Debate on nuclear power revived

Updated: 2011-03-18 10:19

By Liu Yiyu, Hu Yinan and Jin Zhu (China Daily European Weekly)

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Debate on nuclear power revived

The Tianwan nuclear plant in Lianyungang, Jiangsu province. China plans
to expand its nuclear capacity to 86 gW by 2020.Geng Yuhe/ For China Daily

Escalating crisis in Japan sparks stringent safety measures, suspension of new construction

China will suspend approval of new nuclear power stations and assess all nuclear projects including those under construction, in the wake of the crisis in Japan, the government has said.

A thorough safety check of nuclear facilities and energy projects under construction will be conducted immediately.

"Any hazards must be thoroughly dealt with, and those that do not conform to safety standards must immediately cease construction," a State Council statement said on March 16.

"We must fully grasp the importance and urgency of nuclear safety, and safety must be the top priority in the development of nuclear power."

The State Council called for "the most advanced standards" to be used in safety checks. Any project failing to meet these standards must be halted, it said after the meeting chaired by Premier Wen Jiabao.

China National Nuclear Corp (CNNC), the country's largest nuclear power operator, said it is examining all existing plants as well as those under construction, and a government team will re-examine safety standards.

"The move will slow down development but we see safety as our top concern," said CNNC spokesman Song Kexiang.

The latest announcements come amid the escalation of Japan's nuclear crisis after a major earthquake and tsunami hit the country's northeast coast on March 11. The affected nuclear power plant continued to battle a meltdown a week after the disasters hit, in turn resurrecting questions about the long-term safety of nuclear power.

Worries of widespread contamination from the damaged nuclear facility loom large, as nearby residents were evacuated or asked to stay indoors.

Fears of nuclear radiation in Japan have overwhelmed the direct damage from the 9.0-magnitude quake off the coast of Sendai, and the ensuing tsunami. About 12,000 people have been listed as dead or missing, and officials believe the final toll will be much higher.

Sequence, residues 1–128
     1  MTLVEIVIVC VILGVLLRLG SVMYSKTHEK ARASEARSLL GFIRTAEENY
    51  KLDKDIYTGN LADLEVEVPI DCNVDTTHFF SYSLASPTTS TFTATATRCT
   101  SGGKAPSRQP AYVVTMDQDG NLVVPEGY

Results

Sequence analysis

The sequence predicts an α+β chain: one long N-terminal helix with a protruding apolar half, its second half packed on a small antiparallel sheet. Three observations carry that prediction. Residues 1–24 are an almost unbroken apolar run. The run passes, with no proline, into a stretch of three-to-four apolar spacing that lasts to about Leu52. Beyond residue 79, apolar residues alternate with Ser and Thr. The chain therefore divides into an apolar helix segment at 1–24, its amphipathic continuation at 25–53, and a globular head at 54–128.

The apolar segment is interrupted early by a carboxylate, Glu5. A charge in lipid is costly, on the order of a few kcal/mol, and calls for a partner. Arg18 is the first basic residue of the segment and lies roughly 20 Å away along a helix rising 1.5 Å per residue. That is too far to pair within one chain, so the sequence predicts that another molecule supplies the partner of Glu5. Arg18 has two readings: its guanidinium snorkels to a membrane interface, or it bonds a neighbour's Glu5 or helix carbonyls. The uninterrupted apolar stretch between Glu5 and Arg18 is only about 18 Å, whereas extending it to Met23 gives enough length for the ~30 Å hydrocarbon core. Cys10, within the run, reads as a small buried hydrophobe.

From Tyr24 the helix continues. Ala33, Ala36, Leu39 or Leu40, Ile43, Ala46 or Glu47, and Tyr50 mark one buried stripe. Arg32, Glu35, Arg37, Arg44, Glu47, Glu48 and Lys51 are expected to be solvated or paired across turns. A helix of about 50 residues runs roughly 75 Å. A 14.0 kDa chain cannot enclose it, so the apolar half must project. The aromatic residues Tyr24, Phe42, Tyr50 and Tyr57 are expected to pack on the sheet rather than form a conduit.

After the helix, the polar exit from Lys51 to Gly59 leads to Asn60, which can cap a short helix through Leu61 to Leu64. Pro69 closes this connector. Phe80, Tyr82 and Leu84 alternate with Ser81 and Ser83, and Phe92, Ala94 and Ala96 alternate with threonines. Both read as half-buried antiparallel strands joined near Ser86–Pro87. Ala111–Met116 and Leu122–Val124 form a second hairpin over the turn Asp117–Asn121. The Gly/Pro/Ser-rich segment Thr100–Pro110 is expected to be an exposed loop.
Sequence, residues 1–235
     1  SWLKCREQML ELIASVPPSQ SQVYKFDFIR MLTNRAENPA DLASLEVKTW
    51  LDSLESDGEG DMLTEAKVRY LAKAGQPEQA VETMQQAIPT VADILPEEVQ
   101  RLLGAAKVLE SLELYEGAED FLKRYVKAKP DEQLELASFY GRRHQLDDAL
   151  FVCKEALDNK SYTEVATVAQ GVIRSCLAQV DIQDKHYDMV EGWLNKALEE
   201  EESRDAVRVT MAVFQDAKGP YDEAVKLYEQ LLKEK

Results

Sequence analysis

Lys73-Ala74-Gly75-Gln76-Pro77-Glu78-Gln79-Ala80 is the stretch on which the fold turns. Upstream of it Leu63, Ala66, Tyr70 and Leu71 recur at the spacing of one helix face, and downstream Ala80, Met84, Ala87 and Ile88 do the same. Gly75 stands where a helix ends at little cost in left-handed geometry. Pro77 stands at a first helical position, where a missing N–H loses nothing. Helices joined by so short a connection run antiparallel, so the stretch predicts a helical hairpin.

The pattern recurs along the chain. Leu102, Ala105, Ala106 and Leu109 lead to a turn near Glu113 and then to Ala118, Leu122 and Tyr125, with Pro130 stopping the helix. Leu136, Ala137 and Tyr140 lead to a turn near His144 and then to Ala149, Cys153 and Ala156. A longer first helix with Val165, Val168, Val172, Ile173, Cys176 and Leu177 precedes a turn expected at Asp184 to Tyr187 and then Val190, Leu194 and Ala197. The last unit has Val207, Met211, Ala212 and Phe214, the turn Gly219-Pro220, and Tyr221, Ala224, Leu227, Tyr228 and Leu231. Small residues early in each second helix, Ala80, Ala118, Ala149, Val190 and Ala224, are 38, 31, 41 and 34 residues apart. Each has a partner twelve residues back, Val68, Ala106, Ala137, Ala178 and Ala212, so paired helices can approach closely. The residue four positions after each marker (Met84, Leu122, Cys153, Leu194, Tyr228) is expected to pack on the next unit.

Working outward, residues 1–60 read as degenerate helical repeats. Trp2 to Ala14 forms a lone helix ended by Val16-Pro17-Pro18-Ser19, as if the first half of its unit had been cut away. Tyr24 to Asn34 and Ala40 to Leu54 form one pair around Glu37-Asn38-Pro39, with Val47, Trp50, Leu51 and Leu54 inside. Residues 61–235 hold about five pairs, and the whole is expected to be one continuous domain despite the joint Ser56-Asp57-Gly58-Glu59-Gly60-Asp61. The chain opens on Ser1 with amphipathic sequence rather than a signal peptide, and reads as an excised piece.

Japan's latest nuclear crisis has seen the evacuation of more people than the explosion and fire at the Ukrainian Chernobyl nuclear plant in 1986, the worst on record. With multiple blasts at its plant, a "highly rare" scene in the nuclear sector, experts say the mounting crisis in Japan will go down as history's second-worst nuclear accident.

The nuclear threat in Fukushima has sent shockwaves around the globe, provoking rounds of fresh sentiment against nuclear power. Earlier catastrophes sparked similar responses and halted plans to build nuclear reactors in many industrialized countries for years.

G.R. Corey, then vice-chairman of Commonwealth Edison Co, wrote in a review of the partial core meltdown at the United States' Three Mile Island in 1979: "The immediate effect of the accident was to raise questions and slow down the development of nuclear power. Its secondary effect has been to stimulate a wide discussion of energy options.

"Its long-run effect, therefore, should be to help us all - both the public at large and the technical community - to face up objectively to our energy supply problems." Corey's report was published in the International Atomic Energy Agency (IAEA) bulletin.

"Three Mile Island has not changed our energy options. Oil is running out and, for the next 20 or 30 years, we must rely primarily upon coal and nuclear," Corey concluded.

Moving from coal

Today, almost 32 years on, China's energy officials seem to be following that line of logic. A day after Japan's tremor and tsunami, the vice-minister of environmental protection, Zhang Lijun, said China "will not change its determination and plan to develop nuclear power. Some lessons we learn from Japan will be considered in the making of China's nuclear power plants".

China, the world's second-largest energy consumer after the US, is building 12 nuclear plants in addition to the six in operation, with at least 25 in the pipeline.